You are a stupidly creative mind (not stupid in the negative sense but stupid in the “wow, I can’t believe you’re that incredible” sense).
You came up with a business idea that even your ancestors would be proud of.
You dreamt up a concept that will leave you with a heck of a legacy and allow you to take good care of your kids, and your kid’s kids.
Yep, that generational
Before, you go spilling your generational-wealth-crazy-master-mind idea to everyone you know…
Don’t ruin it. Your ideas are valuable. Not all of them, but more than you think. Unfortunately, you may not have an attorney in you back pocket to discuss whether your idea constitutes a trade secret, but that doesn’t mean you can’t do some initial work on your own.
Before you share your good stuff ask yourself these questions.
Am I sharing the idea with someone who I want to potentially partner or work with in the business?
Am I sharing the idea with someone whose feedback I would like? Do I want to survey them or involve them in a focus group of sorts?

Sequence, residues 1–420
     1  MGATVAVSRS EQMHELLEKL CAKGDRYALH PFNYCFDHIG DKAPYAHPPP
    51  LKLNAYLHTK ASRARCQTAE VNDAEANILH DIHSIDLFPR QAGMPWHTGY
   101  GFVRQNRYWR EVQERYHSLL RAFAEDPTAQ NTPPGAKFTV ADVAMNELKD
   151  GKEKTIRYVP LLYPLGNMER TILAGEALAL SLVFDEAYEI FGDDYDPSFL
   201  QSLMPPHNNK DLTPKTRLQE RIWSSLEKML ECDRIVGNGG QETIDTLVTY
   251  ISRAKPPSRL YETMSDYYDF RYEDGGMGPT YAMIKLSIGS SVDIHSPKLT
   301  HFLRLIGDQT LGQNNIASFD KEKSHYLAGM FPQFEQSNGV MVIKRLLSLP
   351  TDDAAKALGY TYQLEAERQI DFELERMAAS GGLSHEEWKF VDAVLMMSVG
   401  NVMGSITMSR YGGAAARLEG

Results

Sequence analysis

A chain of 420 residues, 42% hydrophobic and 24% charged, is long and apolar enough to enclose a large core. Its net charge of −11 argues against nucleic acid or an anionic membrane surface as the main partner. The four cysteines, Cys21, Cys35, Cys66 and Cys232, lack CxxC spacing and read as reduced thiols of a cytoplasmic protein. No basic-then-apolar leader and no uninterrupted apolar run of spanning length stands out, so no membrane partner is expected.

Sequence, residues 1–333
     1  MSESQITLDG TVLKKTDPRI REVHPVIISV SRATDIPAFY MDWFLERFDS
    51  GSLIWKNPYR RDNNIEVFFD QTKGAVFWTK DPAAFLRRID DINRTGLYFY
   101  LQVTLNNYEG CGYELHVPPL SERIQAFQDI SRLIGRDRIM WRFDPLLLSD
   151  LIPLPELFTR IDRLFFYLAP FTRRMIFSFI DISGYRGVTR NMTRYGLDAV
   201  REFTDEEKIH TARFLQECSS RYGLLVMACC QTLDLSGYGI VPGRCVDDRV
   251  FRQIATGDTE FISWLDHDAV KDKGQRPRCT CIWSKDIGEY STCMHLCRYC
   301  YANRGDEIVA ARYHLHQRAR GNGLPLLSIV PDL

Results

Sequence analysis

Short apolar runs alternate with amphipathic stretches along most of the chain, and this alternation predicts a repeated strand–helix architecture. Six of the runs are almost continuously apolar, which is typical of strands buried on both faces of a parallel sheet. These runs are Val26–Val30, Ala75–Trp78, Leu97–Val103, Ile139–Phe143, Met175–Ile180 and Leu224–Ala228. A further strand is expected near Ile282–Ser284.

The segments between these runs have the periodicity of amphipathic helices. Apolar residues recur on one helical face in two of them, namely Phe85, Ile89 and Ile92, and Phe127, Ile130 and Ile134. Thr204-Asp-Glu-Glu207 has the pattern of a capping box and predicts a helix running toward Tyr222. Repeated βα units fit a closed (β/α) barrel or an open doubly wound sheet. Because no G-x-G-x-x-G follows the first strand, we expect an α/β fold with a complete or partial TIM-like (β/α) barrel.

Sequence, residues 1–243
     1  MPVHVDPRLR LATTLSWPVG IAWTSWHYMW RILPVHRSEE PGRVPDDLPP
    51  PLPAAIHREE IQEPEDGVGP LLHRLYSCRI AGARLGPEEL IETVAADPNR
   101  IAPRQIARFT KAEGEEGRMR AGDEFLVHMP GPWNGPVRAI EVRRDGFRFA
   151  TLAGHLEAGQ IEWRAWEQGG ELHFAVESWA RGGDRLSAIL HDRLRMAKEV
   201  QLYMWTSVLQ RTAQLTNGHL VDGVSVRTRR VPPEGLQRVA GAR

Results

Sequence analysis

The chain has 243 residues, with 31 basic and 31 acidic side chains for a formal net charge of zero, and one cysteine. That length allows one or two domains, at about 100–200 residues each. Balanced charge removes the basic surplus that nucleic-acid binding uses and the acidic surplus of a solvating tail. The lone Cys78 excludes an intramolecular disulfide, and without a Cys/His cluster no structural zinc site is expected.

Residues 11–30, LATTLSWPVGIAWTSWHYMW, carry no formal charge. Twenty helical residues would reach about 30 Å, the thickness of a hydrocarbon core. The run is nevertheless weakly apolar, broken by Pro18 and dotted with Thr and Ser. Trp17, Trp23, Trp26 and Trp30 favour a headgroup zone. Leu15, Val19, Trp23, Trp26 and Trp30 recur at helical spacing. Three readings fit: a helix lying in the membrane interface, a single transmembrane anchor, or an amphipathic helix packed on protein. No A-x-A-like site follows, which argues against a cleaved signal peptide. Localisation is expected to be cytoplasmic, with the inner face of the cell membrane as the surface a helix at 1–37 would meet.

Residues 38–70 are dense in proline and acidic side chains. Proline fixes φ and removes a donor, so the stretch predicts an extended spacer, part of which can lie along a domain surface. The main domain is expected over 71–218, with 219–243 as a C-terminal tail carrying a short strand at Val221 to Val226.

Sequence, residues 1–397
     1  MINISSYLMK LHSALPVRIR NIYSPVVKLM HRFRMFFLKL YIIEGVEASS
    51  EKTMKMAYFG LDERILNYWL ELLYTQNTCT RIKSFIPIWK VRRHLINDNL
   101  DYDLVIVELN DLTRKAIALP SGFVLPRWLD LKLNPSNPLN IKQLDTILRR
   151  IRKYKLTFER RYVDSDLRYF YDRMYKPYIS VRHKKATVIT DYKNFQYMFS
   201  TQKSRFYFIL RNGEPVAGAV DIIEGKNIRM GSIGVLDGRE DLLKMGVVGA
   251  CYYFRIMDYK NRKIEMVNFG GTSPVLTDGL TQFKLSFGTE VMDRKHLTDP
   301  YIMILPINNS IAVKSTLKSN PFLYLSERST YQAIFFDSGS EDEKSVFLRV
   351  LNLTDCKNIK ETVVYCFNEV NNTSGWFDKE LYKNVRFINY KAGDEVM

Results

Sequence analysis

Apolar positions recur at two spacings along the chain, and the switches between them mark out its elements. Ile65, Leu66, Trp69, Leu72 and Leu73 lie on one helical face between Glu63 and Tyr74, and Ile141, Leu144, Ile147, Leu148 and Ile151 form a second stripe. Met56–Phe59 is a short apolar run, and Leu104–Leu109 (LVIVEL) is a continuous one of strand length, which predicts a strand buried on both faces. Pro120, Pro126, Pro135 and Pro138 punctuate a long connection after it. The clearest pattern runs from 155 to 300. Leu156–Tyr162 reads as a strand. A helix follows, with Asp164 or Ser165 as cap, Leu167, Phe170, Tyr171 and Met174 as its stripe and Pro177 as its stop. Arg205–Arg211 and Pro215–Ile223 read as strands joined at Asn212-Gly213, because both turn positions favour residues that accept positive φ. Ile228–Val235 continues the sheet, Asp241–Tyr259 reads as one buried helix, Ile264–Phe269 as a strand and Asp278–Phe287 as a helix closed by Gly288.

Am I sharing the idea for moral support? Because I am human and just excited about my business.
If you answered yes to questions one or two, then pause. More than likely, you should ask them to sign a non-disclosure agreement (don’t worry, we will cover non-disclosure agreements in this series). If you answered yes to question three, then you need to develop your small circle of Business Best Friends.
What the heck are Business Best Friends?
Business Best Friends are a group of similarly like-minded folks who are in the process of developing their own business. The group should be small – three or four (ideally, different industries). You each share ideas, and provide moral support and accountability along the way. The key to your BBF is that there is a mutual exchange of information and ideas. It’s never one sided.
If you absolutely must share an idea then do it among your BBFs.
Develop the short list now so that you know who to go to when the time arises.
Outside of that group…what do you do?
You shut the hell up.
This series will cover which ideas can be protected such as trade secrets, when you should give someone a non-disclosure agreement and how you do it.